Her eyes softened immensely, and she smiled shyly at him. He brushed a hand through her hair once more.

"You can stay here."

"What if we get caught?"

He rolled his eyes, not believing her. "What're they going to do? Expel us?"

She giggled again. He thought it was an awfully sweet sound. "What if someone sees?"

"I don't care," he said, exasperated. "The whole bloody world can see for all I care right now."

It was the truth, too. He didn't care, there was nothing he could possibly be embarrassed about. He just really, truly did not want to let her go.

Her voice was so soft, and his heart lifted when she simply answered, "Okay then."

She took her arms from around his neck and seemed to be waiting for him to do something. He was suddenly hit with the very real reality of what was about to happen. Swallowing his ridiculous bit of nervousness, he took his own hands back and busied himself taking off his shoes. He wasn't ready for bed, still in the same clothes he'd worn all day. But then again, so was she.

When his shoes were removed, she stood up, he hoped to give him a chance to get situated. He untucked the bed covers from their neatly made corners and pulled the blankets down before crawling under them. His heart was beating so fast that he couldn't begin to predict what to do next. So he just held a hand out to her, and to his great relief, she took it, kicking her own shoes off as she climbed back onto the bed, flicking her wand mindlessly over her shoulder and drawing the curtains closed around them. He pulled the covers back for her, and she slid under them wordlessly.

This was, without question, the scariest moment of his life.

Giant spiders, werewolves, escaped convicts, Death Eaters, Unforgivables, even You-Know-Who himself did not compare to this.

Never before had Hermione ever been in his bed. She'd been on his bed at the Burrow and in the tent. She'd even slept beside him a few times while they were at Grimmauld Place. But never had she ever slept with him in his bed.

He was positive that his heart was going to beat out of his chest.

He wondered if she was equally as nervous, but a glance at her face showed him that she was, in fact, clearly a little uncertain as to what they were supposed to do next. It wasn't that he expected them to do that or anything! Obviously he wouldn't have minded, but he knew better. She was, after all, Hermione.

Hemrione Granger.

God, she was beautiful. And crazy. And bossy. And a bit of a swot. And beautiful. She was, very simply, just Hermione.

And maybe he loved her for it.

He wasn't one of those saps, though. He also wasn't anywhere close to telling her that he loved her. Or that maybe he loved her. Or whatever. For once in their lives, they actually had a future to look forward to, and he figured that there was all the time in the world now to do things the proper way.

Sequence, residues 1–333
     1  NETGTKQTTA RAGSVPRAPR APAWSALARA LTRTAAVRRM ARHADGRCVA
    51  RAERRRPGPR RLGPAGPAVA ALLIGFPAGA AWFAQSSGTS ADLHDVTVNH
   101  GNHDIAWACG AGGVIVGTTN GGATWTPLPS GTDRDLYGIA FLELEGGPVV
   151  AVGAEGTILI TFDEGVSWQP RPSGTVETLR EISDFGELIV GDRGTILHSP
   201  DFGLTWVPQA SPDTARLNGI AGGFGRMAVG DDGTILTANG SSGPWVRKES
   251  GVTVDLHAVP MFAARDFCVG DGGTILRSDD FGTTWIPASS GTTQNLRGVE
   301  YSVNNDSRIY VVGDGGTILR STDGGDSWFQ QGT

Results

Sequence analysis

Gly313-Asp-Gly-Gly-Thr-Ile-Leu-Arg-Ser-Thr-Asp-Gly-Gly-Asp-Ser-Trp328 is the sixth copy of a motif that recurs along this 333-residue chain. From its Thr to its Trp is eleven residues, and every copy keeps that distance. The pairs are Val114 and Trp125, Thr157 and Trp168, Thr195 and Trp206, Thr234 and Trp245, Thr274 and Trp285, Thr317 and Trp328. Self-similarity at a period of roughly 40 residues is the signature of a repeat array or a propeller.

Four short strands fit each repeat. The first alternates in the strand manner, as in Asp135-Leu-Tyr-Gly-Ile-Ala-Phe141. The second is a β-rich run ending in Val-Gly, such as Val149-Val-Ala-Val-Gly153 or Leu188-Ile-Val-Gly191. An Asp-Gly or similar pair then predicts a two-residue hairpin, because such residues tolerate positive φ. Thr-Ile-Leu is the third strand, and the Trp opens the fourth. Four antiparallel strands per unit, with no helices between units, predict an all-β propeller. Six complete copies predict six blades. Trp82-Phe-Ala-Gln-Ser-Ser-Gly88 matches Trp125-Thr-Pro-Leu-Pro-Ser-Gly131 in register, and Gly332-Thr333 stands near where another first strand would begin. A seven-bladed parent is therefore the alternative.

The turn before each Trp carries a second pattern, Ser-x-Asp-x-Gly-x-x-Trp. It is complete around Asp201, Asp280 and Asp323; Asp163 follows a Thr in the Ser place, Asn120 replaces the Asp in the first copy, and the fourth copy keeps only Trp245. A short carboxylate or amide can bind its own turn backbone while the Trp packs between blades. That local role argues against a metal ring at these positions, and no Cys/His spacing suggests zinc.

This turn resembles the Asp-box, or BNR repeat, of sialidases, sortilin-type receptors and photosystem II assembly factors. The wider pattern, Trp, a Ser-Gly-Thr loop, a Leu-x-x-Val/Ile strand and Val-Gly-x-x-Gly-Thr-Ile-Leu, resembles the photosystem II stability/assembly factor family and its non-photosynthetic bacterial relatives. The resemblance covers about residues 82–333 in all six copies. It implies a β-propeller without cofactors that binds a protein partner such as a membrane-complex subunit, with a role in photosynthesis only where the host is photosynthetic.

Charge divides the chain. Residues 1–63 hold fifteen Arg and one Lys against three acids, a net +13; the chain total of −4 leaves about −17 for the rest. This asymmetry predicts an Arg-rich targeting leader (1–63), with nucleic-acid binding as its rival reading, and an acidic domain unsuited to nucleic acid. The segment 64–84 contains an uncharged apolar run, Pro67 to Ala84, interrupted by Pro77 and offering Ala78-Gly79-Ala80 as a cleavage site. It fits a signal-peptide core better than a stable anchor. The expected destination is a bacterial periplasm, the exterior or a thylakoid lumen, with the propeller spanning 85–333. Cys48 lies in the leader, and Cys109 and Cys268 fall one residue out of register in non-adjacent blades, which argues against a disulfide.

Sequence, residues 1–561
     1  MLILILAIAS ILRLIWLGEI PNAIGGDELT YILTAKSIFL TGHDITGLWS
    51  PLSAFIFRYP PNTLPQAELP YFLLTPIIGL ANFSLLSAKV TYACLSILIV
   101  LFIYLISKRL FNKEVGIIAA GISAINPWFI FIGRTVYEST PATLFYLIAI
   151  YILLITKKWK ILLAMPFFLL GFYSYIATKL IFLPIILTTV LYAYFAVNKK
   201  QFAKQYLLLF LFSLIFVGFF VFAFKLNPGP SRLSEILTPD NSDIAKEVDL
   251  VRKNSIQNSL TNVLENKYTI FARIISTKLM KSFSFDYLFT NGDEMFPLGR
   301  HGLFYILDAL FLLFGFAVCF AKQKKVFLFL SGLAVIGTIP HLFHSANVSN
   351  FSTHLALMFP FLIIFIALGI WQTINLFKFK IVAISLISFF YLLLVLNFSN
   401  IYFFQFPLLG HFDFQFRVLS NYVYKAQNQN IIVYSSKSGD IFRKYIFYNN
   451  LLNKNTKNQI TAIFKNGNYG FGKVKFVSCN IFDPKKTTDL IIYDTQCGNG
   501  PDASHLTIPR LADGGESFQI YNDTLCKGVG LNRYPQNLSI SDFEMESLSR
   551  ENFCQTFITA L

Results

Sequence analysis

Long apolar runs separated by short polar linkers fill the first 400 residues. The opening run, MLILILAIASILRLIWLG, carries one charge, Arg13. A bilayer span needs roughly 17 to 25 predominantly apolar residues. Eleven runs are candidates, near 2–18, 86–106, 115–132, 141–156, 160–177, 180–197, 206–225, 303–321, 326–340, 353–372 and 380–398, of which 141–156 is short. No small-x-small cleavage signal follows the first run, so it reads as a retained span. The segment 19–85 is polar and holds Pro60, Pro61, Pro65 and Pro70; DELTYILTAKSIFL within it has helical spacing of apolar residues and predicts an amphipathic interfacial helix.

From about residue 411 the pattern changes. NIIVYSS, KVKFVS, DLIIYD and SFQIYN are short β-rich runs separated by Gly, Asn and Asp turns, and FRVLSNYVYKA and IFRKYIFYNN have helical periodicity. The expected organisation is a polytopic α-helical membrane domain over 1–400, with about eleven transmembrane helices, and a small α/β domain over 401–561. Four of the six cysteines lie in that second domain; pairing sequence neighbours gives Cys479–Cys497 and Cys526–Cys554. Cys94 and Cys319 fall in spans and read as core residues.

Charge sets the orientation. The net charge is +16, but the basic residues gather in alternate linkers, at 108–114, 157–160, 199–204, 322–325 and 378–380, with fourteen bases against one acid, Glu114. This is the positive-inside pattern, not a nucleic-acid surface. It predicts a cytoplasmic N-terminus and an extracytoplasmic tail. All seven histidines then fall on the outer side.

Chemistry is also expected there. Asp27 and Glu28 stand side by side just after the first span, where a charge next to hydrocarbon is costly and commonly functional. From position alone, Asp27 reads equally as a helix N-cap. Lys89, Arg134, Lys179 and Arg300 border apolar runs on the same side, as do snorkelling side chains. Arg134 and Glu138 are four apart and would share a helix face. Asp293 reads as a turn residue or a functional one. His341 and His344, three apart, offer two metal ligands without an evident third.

His mind flashed back to hours earlier when she'd thrown herself at him. He could still feel the pressure from her lips as she'd crushed them against his own, and he felt an involuntary burning start to flicker from somewhere deep within him. He'd been wanting to kiss her for months, okay years, but he'd never found the courage or the right moment. And then she'd finally just gone and done it for him. He figured that was very much a Hermione-way of doing things. She'd never let him miss a deadline on anything, even if it meant she had to do his homework for him at the last minute. This situation, he reckoned, wasn't that far off from one of those times. At that moment when she'd kissed him, they'd both been wondering if the deadline was in the very, very near future.

Thank god it wasn't.

Of course, he'd've started caring about bloody house-elves a lot sooner if he'd known that was all it took to get her throwing herself at him. Hell, he would have worn that stupid spew button from the first second she pulled the hideous things out in fourth year.

"What're you smiling at?" Her voice pulled him straight out of his thoughts, and he looked straight at her. He tried to wipe the smile he wasn't even aware of away so he wouldn't have to admit to his thoughts, but much to his horror, he let out a laugh that he had absolutely no control over.

"What's so funny?"

He shook his head, "It's nothing. I just… whenever I thought about all this stuff, this isn't… what I imagined."

"What stuff?"

To be so damn smart, sometimes she missed out on the most obvious things. Either that, or she was a Death Eater in disguise, sent to torture him.

"This stuff," he answered simply, raising a finger to motion between them. "This us stuff."

A wicked little grin played on her lips, and he was quite sure that she was taking extra delight in his misery. "What about it?"

Well, if she wanted to know… "When I imagined you in this bed, it wasn't like this."

"You imagined me… What?" She sat up slightly and eyed the sheets around her warily, as if she was checking to see if they were sticky.

He laughed loudly. It felt good. "Oh, stop. I just got here."

She rolled her eyes and moved to lay back down. "You shouldn't be imagining girls in your bed, Ron," she said in an annoyingly chiding voice. "Especially me."